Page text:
Where to turn for income after Brexit?
Watching the markets react to the Brexit vote has been fascinating. Sterling’s plunge versus most other currencies was entirely predictable. Indeed, the table below shows how it has steadily depreciated against the Euro and US dollar over the last year, followed by a recent sharp fall.
However, seeing the FTSE 100 reach the highest point in virtually twelve months has been a surprise. In my view this has partially been driven by currency movements. Studies show approximately 70% of FTSE 100 earnings come from overseas. More interestingly, the impact of the currency depreciation will most likely boost dividends and profits as many large multinationals, such as HSBC, BP and Astra Zeneca, report their results in US dollars.
However, with the Governor of the Bank of England, Mark Carney, strongly hinting late last week that interest rates would be cut very soon, income-producing assets will become ever more sought after.
Why traditional sources of income disappoint
Gilts have fallen to record lows in the UK, with the benchmark 10-year gilt now yielding a miserly 0.85% and the 30-year gilt only 1.67%. Who would seriously lend money to any government at those levels?
The first port of call for investors seeking income was traditionally savings accounts, but I know from recent personal experience that achieving anything over 1% per annum in interest is virtually impossible. If you are prepared to tie your money up for a few years, you may get 2%. Similarly, corporate bonds, long the cornerstone of many investors’ portfolios are now suffering from low yields as their pricing is typically derived from the gilt yield.
Equities can still offer decent income and capital growth prospects, with the FTSE 100 yielding 3.8% today, and with the plunge in sterling this could well increase. The level of cover on these dividends though is at the lowest point since 2009 as companies become more stretched in maintaining their dividend in the face of stalling profits.
Please remember though investment value and income are not guaranteed.
So where can income seekers turn?At Wealth Club our aim is to break away from the norm and offer you more compelling investment opportunities. Two such opportunities, detailed below, may be an option for more sophisticated investors.
Crowdfunding had a bad name in my view. Most of the money raised was equity fund raising for small, start-up businesses. Investors were encouraged to invest on the lure of big returns. The likelihood of seeing those big returns was slim.
However, like every sector, crowdfunding is maturing and offering new and interesting opportunities. Crowd bonds are one of those.
Rather than investing in the equity you lend money to an unlisted business via a bond.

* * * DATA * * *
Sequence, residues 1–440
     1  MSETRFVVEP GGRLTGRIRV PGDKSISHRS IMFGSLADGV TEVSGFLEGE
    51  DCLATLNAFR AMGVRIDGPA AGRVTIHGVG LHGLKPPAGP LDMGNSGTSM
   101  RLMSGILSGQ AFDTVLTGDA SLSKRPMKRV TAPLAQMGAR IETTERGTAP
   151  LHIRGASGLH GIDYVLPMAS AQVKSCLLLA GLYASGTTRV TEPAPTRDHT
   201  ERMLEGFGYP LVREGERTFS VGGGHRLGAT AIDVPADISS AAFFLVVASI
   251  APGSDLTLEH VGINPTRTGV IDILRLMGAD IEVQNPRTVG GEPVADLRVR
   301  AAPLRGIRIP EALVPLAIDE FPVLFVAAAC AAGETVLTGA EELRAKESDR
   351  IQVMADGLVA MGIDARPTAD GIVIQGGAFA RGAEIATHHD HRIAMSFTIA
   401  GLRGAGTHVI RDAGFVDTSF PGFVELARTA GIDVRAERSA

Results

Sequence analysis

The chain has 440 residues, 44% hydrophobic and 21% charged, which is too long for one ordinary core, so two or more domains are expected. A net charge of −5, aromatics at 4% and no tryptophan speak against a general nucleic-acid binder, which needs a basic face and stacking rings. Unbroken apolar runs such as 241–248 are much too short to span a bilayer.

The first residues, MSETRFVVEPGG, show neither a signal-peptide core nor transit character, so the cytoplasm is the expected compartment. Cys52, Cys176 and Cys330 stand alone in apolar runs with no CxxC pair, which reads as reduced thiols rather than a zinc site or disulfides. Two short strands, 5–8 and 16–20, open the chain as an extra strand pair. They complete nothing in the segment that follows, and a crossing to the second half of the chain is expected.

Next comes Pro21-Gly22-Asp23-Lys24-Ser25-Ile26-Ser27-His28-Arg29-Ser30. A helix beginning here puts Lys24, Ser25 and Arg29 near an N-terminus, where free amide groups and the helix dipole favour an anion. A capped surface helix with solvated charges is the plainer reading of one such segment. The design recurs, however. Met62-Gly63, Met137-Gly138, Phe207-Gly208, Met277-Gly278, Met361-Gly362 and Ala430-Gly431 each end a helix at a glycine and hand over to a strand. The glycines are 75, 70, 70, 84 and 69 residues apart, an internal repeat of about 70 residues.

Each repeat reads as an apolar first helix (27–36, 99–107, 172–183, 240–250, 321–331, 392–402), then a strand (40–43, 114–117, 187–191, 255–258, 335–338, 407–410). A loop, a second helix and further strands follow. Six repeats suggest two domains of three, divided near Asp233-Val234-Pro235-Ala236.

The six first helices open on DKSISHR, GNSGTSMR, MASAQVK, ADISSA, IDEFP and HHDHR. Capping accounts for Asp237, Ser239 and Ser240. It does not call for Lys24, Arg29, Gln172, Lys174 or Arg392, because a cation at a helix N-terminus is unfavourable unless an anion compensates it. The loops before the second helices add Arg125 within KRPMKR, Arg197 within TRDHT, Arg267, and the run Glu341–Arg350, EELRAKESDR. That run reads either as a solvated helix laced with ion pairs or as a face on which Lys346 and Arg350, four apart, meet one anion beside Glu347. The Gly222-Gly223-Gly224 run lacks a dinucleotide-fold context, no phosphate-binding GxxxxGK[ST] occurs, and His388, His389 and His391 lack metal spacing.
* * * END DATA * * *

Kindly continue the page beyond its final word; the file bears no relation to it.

Of course, this is not risk free. You can still lose your money.
That said there are two factors to consider:
- If you invest in the equity, you only have a chance of making your money back if the business is profitable. If on the other hand you lend money to a business, that business should only need to remain solvent for you to make your money back. Clearly, there’s a significant difference between profitability and solvency.
- When you lend money, the business may have assets to put up as security against the money it is borrowing.
Downing is a company I have known for almost 20 years, through its VCTs, and latterly its EIS and IHT investments. It’s the first established fund manager to enter the Crowdfunding arena. Downing does the due diligence, structures the bonds and assesses the level of asset backing prior to inviting investors to invest. What is so interesting about the four bonds currently on offer is the high rate of interest compared to the low loan-to-value ratio (the ratio of assets in the business compared to the money it is borrowing). Annual interest rates currently range from 5%-7%.
Please remember: capital is at risk and returns are not guaranteed. These bonds are not readily realisable.
When VCTs first launched in 1995, many thought of them as a growth product – they were investing in small unquoted companies so surely that’s what they were? Right?
Well in my view, that has always been wrong. They have always been an income-producing investment. Dividends are paid to investors tax free from either income or capital. Managers are encouraged to pay these dividends. Those who have focused on paying consistent dividends over the years have been rewarded by investors who repeatedly invest new money with them each year.
Whilst most VCTs typically launch their fundraising effort in the Autumn, there are some quality VCTs open today with access to immediate dividends from the likes of Amati and Hargreave Hale Dividend yields of 4%-5% are fairly typical. Don’t forget to achieve a 5% dividend yield from a taxed investment, a 40% tax payer needs a yield of 7.4%.
Please note: VCTs are not for everyone. They are long term, higher risk and more illiquid than other investments. The value of tax benefits depends on circumstances and tax rules can change. Before you invest please ensure you’re familiar with a product’s features and risks.